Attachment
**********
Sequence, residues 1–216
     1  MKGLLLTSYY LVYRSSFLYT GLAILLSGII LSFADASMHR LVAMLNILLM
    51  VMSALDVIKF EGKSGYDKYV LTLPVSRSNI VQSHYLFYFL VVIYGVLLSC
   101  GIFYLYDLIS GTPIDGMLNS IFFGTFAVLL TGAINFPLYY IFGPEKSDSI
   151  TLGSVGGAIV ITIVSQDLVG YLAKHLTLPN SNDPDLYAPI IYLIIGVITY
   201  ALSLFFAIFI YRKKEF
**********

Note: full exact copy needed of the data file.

Sequence, residues 1–216
     1  MKGLLLTSYY LVYRSSFLYT GLAILLSGII LSFADASMHR LVAMLNILLM
    51  VMSALDVIKF EGKSGYDKYV LTLPVSRSNI VQSHYLFYFL VVIYGVLLSC
   101  GIFYLYDLIS GTPIDGMLNS IFFGTFAVLL TGAINFPLYY IFGPEKSDSI
   151  TLGSVGGAIV ITIVSQDLVG YLAKHLTLPN SNDPDLYAPI IYLIIGVITY
   201  ALSLFFAIFI YRKKEF